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  1. #25
    Member Bob La Londe's Avatar
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    Quote Originally Posted by Bob La Londe View Post
    I had retired it but it bugs me sitting there on the shelf unused. I decided to add captive bearings to the X & Y lead screws. I don't have a clue how to get everything lined to cut a fixed one piece bearing carrier so I went with a two piece adjustable design. One end of the screw will continue to be supported by the stepper motor, but the other will be supported by a captive double bearing. With a spacer between the bearings it should eliminate almost all backlash. (I already retrofit acetal antibacklash nuts a while back).

    There were multiple problems. First I had to figure out how to fix the bearings to the tiny little 1/4" acme lead screws. I made a "mandrel" type piece for each lead screw. They were turned to 1/2" (the size of the bearing bore) threaded on one end for a nut, and drilled out threw the center and tapped to 1/4 16 Acme. Then I drilled and tapped the collar for two 6-32 set screws. In theory I can adjust the working length of the lead screw to optimum by threading these on or off the lead, then when I have it right just tighten the set screws.

    Then I had to make a bearing carrier. I went with a two piece one. The back piece can be adjust left to right, and the front piece which holds the bearings can be adjusted up and down.

    Ultimately I shoould be able to crank the table up close to the fixed bearing and snug up all the screws in order to position the bearing very close to center of the lead screw axis. Maybe I'll assemble it all tomorrow, but I still have to cut one more front piece. Of course X & Y are both different so every piece is unique. To make it more interesting the front part of the bearing carrier has to cover the screws for the back piece. Hopefully I can get close and then just slide the table forward to get to the back screws.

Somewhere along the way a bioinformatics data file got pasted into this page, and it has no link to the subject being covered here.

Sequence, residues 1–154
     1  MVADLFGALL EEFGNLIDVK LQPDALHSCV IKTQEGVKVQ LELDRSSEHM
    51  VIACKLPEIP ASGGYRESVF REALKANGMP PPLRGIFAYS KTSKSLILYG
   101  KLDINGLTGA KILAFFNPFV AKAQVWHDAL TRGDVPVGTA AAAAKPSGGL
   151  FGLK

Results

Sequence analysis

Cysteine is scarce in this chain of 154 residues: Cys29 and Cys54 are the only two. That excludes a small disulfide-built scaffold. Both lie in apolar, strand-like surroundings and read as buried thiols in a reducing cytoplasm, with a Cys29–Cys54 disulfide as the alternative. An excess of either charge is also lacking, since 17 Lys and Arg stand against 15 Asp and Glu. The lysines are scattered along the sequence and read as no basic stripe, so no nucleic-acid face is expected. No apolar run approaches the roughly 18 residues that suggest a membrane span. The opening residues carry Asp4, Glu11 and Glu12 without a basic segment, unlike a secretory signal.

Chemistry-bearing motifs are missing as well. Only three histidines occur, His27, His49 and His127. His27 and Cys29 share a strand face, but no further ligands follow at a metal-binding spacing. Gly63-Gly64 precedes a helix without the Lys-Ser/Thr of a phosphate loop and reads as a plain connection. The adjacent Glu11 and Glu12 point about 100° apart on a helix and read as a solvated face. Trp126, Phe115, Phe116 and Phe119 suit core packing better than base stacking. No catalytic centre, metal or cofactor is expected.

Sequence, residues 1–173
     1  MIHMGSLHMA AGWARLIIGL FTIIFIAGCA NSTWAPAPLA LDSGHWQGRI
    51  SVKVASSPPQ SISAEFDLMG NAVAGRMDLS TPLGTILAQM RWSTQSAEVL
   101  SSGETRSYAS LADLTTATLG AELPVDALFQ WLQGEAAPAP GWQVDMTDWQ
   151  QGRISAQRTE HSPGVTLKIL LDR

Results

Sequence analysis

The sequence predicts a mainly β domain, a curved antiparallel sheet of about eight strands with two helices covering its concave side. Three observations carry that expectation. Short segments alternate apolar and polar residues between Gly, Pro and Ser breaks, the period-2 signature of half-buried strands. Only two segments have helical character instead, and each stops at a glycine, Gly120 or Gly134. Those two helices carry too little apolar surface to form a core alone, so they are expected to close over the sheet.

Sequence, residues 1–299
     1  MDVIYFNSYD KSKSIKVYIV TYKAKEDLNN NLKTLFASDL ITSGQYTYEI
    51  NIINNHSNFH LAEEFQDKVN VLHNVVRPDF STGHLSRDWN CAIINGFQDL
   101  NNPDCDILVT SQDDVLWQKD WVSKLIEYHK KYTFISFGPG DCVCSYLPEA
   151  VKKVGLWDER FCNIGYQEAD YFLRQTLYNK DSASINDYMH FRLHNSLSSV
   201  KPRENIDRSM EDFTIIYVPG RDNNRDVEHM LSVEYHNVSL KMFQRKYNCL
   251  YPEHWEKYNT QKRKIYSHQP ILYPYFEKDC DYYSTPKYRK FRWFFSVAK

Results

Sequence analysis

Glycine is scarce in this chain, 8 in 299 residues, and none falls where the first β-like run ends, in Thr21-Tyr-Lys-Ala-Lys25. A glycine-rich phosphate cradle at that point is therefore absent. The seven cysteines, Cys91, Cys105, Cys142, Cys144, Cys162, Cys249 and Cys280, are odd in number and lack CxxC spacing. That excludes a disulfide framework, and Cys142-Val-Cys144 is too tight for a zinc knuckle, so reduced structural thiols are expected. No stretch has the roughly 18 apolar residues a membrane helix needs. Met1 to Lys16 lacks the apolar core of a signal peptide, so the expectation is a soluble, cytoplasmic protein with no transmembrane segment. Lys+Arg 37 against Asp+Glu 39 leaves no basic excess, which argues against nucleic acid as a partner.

Three of the four bearing carrier parts were made in CamBam. The 4th part will also be when I get to it. Fortunately all I should have to do to design the last piece is make the base level wider and move the mounting screw slots out to match the threaded holes in its matching base.

    The mandrel/shaft adaptor was done by hand and on my manual lathe.

    Finished... Sort of...

    I see two things I would do differently if I did this again, which I might on the RF30 if I ever decided to convert it to CNC.

    1. Make the screw slots longer for a greater range of adjustment. When I cranked it up close I was able to get it to relax within my travel, but all four pieces were near the limit of the travel I planned to allow when I tightened them down. The idea was to allow me to just crank the table over next to the fixed bearing, and tighten the bearing backer plate and then the bearing carrier plate down in that position to have the best alignment. It worked, but just barely.

    2. Make the bearing arbors much longer. I think they need to be a good inch longer, and have a square machined on the end to allow me to put a wrench on them when I tighten up the lock nut. Instead I had to put a pair of pliers on the motor coupler to tighten up the lock nut. There is an awful lot of flex and twist in a 1/4" ACME lead screw that long. It made me very nervous tightening it down.

    Fixes: